Has Pro-Life Become Un-cool?

by Rachel Held Evans Read Distraction Free

My guest post over at On Faith has generated quite a response over the past few days, and I’ve really enjoyed interacting with new readers about what it means for our generation to call a truce on the culture wars. 

Of course, some folks have been critical—both fairly and unfairly. But one blog post in particular caught my attention because, as much as I disagree with the writer about some of the other issues he addresses, I think he makes a fair point about abortion.

Responding to my assertion that twenty-something evangelicals are more interested in championing adoption and taking in single moms than protesting at abortion clinics, pastor and blogger Daniel Darlingwrote: 

"What often frustrates me about my generation is that we’ve decided certain causes are chic and others are signs of narrowmindness. To speak out on behalf of the millions of innocent babies who are sent to their death—that’s labeled extremism. But to speak out on behalf of victims of sex trafficking—that’s noble." (Read the whole post here.)

It is true that over the past two or three years, my position on abortion has become more nuanced. Growing up, I was under the impression that if we elected a Republican president, Roe vs. Wade would be overturned and there would never be another abortion in the United States ever again.  Obviously, this was a naïve perspective in that it overestimated the power of the presidency and underestimated the root causes of abortion, which would certainly contribute to continued abortions even after the practice was technically made illegal.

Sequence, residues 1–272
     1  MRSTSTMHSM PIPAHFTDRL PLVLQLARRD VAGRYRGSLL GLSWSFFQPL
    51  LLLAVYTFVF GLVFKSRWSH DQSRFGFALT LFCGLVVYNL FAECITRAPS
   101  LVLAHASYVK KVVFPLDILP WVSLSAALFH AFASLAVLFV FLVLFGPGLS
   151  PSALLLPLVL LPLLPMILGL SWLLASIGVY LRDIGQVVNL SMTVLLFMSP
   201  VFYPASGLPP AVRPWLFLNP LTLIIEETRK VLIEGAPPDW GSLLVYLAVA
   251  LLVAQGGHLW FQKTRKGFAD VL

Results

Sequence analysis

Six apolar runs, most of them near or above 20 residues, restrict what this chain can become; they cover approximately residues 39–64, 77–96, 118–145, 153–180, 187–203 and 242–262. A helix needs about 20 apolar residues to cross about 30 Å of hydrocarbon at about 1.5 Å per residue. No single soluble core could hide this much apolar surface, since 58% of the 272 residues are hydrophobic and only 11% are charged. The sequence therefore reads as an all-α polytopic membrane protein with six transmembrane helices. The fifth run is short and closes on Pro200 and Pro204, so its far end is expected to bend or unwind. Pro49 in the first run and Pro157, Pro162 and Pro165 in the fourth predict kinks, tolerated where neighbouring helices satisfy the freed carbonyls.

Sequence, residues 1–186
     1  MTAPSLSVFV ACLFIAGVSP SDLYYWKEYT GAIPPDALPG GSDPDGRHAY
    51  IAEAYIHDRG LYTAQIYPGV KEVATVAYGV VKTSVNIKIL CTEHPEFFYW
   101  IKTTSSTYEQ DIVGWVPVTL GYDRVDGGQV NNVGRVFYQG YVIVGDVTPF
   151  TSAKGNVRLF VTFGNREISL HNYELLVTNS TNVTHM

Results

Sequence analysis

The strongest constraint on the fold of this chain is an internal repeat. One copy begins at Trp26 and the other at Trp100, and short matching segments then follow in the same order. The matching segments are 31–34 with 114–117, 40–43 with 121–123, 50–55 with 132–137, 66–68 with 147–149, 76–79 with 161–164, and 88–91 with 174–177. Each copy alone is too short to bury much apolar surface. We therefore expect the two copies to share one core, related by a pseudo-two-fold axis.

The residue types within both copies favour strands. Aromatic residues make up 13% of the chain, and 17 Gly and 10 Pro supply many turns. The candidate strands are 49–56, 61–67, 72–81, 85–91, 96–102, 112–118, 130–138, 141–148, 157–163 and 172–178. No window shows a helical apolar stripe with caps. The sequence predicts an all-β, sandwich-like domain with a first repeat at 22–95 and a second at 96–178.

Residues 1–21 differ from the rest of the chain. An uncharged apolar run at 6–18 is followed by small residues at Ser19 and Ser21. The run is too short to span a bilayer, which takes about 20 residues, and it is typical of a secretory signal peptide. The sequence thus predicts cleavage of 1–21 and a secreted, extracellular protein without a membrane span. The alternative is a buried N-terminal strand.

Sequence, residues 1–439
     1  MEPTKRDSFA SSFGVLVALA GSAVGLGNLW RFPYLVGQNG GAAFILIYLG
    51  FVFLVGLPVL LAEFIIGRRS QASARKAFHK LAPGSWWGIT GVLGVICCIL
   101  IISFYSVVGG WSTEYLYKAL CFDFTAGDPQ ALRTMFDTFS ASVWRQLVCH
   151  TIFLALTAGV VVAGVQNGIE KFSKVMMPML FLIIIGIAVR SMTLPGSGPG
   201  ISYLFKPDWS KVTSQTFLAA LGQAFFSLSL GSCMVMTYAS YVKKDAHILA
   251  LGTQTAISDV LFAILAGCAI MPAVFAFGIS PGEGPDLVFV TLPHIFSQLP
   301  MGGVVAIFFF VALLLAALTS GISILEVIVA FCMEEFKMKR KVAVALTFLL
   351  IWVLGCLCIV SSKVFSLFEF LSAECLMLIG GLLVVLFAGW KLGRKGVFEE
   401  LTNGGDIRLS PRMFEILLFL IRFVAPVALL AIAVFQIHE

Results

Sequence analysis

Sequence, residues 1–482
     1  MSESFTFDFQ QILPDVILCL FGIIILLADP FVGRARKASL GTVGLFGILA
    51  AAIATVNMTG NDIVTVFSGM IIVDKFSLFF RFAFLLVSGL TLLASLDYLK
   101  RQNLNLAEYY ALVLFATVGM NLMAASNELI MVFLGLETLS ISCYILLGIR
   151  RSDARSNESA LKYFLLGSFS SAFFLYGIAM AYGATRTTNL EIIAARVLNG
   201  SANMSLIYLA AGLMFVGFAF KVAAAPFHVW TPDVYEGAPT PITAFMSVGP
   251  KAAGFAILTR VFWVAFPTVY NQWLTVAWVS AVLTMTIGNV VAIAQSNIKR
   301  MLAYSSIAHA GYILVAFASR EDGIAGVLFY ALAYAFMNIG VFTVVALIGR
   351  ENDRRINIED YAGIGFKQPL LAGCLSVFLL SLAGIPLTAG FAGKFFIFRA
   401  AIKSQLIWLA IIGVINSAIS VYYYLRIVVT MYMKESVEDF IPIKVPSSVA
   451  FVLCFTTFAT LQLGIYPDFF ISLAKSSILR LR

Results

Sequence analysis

So despite the fact that I believe human life is inherently valuable even in its earliest form, I only feel a little guilty voting for pro-choice candidates because I’m often convinced they will do more to address the root causes of abortion--poverty, health care, education, etc.  And as I explained in the post, I think it’s important for the church to embody an alternative in this debate by caring for those who are caught in seemingly impossible circumstances. 

Only now and then do I contemplate just how problematic it is on an ideological level that abortion is a part of our culture. I’ve written blog posts about fair trade, protecting the environment, supporting gay rights, and honoring freedom of religion for Muslims, but I can’t remember the last time I wrote a post about why I think even unborn human beings have a right to live. In fact, today I had planned to write a post speaking out against tentative plans in the Tennessee legislature to adopt immigration policies similar to those that caused such controversy in Arizona, basing my argument on the inherent worth of our Hispanic neighbors. 

I’ve worked so hard to separate myself from the Religious Right and the culture wars, perhaps I just don’t want to be seen taking on their favorite issue

So maybe Daniel Darling is right. Maybe young evangelicals like me avoid talking about abortion because it’s just not as cool as talking about sex trafficking and immigration. 

And maybe that’s a problem.

What do you think? How has your view of abortion changed over the years? And how can we hold to our convictions on this matter without getting caught up in the culture wars? Is that possible?

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